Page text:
Auckland Islam leader OK with parliamentary prayer to Jesus

An Auckland Islamic Shia leader says he is not offended by the mention of Jesus in the parliamentary opening prayer.

Parliament’s speaker removed reference to both Jesus and the Queen in the prayer read out at the start of each sitting day.

Mr Mallard says he removed reference to Jesus to make the prayer more inclusive.

He has since reinstated mention of the Queen.

But Auckland Islamic Shia leader Seyed Mohammad Taghi Derhamy disagrees.

He says he thinks the speaker is trying to marginalise rather than appease all faiths.

He suspects the government is trying to make people “forget” about religion.

Mr Derhamy is a trustee of the Islamic Ahlul Bayt Foundation.

He says putting all faiths into an ambiguous prayer reduces them “all to zero” in a sense.

He says if all religions are equal then they are equal to nothing.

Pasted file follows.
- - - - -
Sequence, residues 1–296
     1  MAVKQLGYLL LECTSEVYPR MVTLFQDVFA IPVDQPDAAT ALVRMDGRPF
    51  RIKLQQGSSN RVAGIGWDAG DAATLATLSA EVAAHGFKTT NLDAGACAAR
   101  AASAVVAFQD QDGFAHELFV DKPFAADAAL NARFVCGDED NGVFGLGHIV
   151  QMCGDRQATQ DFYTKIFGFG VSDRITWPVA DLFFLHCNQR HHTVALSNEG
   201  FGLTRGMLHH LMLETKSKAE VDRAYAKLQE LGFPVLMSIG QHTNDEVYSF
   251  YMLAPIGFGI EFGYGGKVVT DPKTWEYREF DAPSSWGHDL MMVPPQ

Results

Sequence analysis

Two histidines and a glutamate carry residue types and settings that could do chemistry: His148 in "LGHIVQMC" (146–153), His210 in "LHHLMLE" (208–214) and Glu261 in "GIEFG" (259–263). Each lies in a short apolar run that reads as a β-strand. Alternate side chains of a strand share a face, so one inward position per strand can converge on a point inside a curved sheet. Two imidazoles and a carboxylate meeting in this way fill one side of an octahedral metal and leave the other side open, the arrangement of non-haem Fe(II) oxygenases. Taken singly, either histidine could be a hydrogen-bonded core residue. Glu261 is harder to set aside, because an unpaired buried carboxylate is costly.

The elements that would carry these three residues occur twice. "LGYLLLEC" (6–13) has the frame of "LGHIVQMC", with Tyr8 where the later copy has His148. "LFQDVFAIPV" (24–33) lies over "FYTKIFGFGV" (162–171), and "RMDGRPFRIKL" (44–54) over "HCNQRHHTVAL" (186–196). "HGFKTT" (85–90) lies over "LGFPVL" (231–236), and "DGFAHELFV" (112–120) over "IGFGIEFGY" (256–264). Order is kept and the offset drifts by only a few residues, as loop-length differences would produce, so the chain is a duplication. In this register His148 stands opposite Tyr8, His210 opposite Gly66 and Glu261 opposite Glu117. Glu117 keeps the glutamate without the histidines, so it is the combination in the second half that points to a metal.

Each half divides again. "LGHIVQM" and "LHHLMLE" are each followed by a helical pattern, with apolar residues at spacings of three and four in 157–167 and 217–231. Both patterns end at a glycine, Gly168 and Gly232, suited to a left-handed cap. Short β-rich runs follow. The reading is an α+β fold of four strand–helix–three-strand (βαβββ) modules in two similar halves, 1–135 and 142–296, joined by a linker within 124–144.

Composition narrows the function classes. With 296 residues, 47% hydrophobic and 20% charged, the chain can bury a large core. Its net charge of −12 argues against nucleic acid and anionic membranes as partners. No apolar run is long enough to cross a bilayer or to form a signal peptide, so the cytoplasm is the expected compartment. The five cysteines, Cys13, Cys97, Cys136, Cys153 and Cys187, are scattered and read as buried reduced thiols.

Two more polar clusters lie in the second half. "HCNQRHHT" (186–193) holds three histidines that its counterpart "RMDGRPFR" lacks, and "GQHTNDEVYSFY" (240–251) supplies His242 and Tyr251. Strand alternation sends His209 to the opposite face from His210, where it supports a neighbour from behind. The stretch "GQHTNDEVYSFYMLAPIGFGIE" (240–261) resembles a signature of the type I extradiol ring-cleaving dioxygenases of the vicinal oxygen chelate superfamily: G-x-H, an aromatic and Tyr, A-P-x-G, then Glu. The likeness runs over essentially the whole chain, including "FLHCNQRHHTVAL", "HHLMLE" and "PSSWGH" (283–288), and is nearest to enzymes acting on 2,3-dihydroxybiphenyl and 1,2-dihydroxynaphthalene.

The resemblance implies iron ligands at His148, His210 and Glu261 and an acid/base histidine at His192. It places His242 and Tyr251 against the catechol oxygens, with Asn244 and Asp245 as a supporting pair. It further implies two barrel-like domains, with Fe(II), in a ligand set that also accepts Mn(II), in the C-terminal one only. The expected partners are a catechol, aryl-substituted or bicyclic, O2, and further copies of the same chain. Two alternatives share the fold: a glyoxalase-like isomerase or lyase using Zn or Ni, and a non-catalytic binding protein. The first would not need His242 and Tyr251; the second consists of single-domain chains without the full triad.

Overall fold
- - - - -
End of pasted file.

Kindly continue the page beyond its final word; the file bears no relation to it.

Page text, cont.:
Mr Derhamy says his Islamic community does not resent the presence of Jesus in the parliamentary prayer.

“The word Jesus, they love it, especially if it is pronounced by the person who believes in it,” he says.

He says he doesn’t mention Jesus in his own prayers. But he loves to hear Christians being honest and sincere in their love for Jesus.

The National Party caucus wrote to the speaker, concerned at inadequate consultation.

They object to the removal of Jesus Christ from the prayer for its importance to Parliament’s history.

Cardinal John Dew says he hopes there would always be a prayer acknowledging the importance of God in our lives.

But he says it is important in today’s society to respect all faiths.

For Mr Derhamy, the historical parliamentary prayer didn’t need to speak for all faiths.

He says it’s rubbish to try to summarise all faiths, from beliefs to non-belief in a prayer that mentions none of them.


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